Sunrise: A Song of Two Humans
For Nestor Almendros, Sunrise is 'a dialectical movie'. Similarly, for Tony Rayns, its 'meaning springs largely from [its] oppositions'. For Dorothy Jones, it 'communicate[s] by establishing significant contrasts'. While these critical views highlight the film's antitheses (a trope that Berman associates with modernity), they stress separation at the expense of continuity (or 'disunity' at the expense of 'unity'). Rather than embrace fixed divisions, Sunrise is a text marked by fluid boundaries - junctions that trace the subtle connection between entities rather than their clear demarcation. It is this complex mode of 'border crossing' (this world of 'Both/And' - not 'Either/Or' [Berman]) that makes the film so poignant, resonant, fascinating and modern.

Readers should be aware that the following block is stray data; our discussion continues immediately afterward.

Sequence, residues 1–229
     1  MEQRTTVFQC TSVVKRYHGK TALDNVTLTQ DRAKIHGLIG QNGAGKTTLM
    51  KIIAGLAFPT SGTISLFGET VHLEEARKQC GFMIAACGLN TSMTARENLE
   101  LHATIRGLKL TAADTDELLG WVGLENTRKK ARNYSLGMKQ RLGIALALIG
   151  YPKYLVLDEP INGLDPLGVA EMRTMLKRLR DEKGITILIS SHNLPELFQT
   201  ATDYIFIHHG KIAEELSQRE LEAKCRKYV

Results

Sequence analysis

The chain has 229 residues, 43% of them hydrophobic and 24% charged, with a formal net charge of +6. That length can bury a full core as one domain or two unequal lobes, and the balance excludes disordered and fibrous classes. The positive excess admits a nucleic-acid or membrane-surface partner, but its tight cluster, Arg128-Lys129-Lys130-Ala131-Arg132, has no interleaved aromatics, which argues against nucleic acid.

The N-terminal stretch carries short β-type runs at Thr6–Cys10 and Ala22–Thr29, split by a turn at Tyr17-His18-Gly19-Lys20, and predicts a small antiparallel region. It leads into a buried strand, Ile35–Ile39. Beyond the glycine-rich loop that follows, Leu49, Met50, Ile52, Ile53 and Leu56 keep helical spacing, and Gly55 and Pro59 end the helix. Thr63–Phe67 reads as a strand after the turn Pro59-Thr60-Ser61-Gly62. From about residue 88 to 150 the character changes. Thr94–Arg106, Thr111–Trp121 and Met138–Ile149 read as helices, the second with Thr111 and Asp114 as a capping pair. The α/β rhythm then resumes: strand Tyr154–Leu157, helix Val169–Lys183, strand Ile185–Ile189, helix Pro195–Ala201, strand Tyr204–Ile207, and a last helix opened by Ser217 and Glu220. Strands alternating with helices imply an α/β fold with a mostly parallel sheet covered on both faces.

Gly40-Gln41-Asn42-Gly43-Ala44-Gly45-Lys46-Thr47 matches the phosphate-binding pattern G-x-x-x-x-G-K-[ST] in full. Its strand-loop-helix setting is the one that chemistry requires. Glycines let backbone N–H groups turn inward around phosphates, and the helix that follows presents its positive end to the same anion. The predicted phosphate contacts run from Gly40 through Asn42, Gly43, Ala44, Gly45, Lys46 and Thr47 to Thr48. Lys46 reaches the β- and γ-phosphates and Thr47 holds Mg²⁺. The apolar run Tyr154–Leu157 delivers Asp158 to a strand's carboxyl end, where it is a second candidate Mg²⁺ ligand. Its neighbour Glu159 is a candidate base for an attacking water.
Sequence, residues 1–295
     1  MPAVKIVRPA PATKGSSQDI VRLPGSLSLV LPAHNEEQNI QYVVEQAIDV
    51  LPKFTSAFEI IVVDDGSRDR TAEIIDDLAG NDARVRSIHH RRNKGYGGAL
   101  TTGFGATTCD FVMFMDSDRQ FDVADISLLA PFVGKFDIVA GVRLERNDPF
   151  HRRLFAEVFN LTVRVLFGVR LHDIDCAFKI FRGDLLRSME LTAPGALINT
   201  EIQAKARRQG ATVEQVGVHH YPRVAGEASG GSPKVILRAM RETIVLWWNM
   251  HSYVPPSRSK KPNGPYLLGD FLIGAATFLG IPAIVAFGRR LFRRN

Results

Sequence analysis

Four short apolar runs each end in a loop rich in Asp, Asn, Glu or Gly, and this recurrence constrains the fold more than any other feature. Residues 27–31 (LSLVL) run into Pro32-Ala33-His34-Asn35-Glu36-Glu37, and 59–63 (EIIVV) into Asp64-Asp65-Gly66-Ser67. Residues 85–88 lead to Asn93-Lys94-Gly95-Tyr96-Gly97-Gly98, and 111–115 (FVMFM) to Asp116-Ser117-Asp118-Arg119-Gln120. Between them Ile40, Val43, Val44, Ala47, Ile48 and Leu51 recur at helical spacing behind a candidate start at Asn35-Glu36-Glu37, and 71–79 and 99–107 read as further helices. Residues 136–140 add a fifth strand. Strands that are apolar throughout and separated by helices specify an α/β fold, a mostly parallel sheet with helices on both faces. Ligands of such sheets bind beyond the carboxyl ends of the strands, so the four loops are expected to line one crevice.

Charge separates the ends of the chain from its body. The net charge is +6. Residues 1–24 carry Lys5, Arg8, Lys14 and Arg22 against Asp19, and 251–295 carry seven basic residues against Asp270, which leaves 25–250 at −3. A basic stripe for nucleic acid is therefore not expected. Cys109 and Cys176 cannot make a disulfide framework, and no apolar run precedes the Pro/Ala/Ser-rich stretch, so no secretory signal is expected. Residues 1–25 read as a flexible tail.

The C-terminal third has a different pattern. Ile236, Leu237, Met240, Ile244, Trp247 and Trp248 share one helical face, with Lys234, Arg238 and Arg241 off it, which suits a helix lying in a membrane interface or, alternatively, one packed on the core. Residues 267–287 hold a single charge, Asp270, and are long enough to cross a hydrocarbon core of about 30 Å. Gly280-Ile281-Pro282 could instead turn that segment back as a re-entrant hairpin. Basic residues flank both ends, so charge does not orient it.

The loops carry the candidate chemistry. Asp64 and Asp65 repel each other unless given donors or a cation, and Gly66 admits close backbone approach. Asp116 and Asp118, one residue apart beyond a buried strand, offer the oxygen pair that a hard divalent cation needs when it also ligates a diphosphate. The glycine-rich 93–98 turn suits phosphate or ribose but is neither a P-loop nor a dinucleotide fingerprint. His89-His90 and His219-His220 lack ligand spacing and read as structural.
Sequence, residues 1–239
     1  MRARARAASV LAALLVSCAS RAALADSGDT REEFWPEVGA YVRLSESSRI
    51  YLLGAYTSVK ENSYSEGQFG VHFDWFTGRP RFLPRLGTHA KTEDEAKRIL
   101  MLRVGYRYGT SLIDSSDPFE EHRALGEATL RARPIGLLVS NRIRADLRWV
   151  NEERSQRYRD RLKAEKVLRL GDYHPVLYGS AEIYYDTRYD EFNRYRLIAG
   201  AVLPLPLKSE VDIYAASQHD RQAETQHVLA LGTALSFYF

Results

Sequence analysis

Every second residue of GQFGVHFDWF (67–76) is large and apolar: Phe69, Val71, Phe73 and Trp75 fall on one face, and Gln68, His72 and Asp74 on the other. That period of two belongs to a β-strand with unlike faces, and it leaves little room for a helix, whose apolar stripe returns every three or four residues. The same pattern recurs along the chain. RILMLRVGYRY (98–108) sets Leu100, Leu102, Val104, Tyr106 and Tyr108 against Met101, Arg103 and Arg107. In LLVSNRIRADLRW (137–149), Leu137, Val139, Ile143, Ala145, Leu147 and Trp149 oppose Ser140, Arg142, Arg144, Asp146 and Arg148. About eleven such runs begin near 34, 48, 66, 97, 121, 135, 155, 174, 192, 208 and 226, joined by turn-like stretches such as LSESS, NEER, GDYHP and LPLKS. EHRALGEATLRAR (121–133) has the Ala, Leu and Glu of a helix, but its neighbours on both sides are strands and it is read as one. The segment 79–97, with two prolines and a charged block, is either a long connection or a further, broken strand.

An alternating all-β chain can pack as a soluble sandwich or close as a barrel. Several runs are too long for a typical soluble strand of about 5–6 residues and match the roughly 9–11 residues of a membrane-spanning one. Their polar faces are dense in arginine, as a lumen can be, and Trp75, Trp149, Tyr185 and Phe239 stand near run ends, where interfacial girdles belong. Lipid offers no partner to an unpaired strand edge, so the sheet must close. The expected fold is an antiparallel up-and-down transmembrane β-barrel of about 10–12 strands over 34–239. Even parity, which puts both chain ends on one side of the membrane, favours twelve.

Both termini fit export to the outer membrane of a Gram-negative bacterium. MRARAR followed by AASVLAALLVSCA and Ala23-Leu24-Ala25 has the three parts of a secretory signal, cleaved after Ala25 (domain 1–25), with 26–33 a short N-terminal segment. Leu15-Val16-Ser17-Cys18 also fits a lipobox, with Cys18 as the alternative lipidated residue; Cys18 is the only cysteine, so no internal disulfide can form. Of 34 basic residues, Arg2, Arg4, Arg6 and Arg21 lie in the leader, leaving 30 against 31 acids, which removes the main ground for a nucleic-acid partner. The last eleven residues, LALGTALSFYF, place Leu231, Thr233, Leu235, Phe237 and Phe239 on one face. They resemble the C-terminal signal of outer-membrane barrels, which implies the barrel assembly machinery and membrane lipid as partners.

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Allen and Gomery American amusement park Ansas artiﬁcial artists associated BFI Film Classics Blaue Reiter Blaue Reiter group boat Borzage Cabinet des Dr Caligari camera movement characters Charles Rosher Chico City Woman Colin MacCabe couple’s critical culture Desilets Diane director drama drowning early cinema Eisner Elsaesser European Everson Expressionist F.W. Murnau farm couple Fieschi ﬁgure ﬁlm’s ﬁnal ﬁnally ﬁnds ﬁrst ﬂapper ﬂowing Friedrich Wilhelm Murnau German Expressionism Gliese Herman Bing Higashi Hollywood Indra inﬂuence Janet Gaynor jazz Kandinsky Kandinsky’s Karl Struss Last Laugh Man’s marshes Mary Ann Doane Mayer melodrama metaphor mise en scene modernity Molly Haskell montage Motion Picture movie Movietone newsreel murder Murnau’s ﬁlm narrative Nosferatu O’Brien Petrie photography psychic quoted Roethel seems sense sequences Seventh Heaven sexual shot signiﬁcant Signiﬁcantly silent cinema silent ﬁlm Similarly studio sublime Sudermann’s story Sunrise theme trafﬁc trolley University urban vamp vamp’s wife Williams Wood York